Compared with the state of the art, Dr. Syed’s approach is unrestricted, i.e., it does not require manually crafted catalogue of slots or relations of interest that may vary over different domains. Unlike Natural Language Processing (NLP) based approaches that require well-formed sentences, the approach can be applied on semi-structured text. Furthermore, NLP based approaches for fact extraction extract lexical facts and sentences that require further processing for disambiguating and linking to unique entities and concepts in a knowledge base, whereas, in Dr. Syed’s approach, concept linking is done as a first step in the discovery process. Linking concepts to a knowledge base provides the additional advantage that the terms can be explicitly linked or mapped to semantic concepts in other ontologies and are thus available for reasoning in more sophisticated language understanding systems.

Knowledge Extraction from Cloud Service Level Agreements

November 1st, 2015, by Tim Finin, posted in cloud computing, NLP, Policy

Sudip Mittal, Karuna Pande Joshi, Claudia Pearce, and Anupam Joshi, Parallelizing Natural Language Techniques for Knowledge Extraction from Cloud Service Level Agreements, IEEE International Conference on Big Data, October, 2015.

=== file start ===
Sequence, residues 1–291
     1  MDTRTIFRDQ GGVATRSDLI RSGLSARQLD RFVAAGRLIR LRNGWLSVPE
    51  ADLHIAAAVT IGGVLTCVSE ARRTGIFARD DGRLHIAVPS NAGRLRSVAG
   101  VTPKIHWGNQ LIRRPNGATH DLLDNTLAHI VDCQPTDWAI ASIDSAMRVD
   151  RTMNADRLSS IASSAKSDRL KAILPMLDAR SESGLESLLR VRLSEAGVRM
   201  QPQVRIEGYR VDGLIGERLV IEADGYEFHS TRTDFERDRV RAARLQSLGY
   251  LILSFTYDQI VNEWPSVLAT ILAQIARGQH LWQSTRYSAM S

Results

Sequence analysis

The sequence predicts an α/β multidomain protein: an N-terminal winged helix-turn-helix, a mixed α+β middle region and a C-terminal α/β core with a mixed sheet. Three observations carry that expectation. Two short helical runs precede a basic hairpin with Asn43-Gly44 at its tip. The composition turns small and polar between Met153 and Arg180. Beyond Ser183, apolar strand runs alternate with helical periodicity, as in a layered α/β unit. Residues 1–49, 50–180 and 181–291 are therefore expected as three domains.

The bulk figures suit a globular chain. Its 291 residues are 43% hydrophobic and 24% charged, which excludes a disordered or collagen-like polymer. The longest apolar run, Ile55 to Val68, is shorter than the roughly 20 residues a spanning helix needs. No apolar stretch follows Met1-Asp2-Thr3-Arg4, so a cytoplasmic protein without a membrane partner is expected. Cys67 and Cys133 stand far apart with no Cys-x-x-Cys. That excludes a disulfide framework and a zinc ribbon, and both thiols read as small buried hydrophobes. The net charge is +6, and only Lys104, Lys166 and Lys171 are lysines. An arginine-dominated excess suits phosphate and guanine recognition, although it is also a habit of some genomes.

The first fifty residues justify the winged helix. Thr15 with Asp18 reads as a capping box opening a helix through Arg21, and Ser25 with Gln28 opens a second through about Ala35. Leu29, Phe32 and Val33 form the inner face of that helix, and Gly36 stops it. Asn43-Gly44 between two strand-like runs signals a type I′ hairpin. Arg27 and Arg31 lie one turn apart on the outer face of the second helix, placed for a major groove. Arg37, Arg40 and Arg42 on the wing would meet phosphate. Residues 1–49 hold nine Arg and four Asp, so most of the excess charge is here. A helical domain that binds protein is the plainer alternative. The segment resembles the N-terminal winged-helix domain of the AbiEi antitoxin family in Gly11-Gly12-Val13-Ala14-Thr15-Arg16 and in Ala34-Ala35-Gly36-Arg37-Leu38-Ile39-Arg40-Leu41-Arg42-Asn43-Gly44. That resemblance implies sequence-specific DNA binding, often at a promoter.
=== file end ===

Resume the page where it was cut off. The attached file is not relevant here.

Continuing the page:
To efficiently utilize their cloud based services, consumers have to continuously monitor and manage the Service Level Agreements (SLA) that define the service performance measures. Currently this is still a time and labor intensive process since the SLAs are primarily stored as text documents. We have significantly automated the process of extracting, managing and monitoring cloud SLAs using natural language processing techniques and Semantic Web technologies. In this paper we describe our prototype system that uses a Hadoop cluster to extract knowledge from unstructured legal text documents. For this prototype we have considered publicly available SLA/terms of service documents of various cloud providers. We use established natural language processing techniques in parallel to speed up cloud legal knowledge base creation. Our system considerably speeds up knowledge base creation and can also be used in other domains that have unstructured data.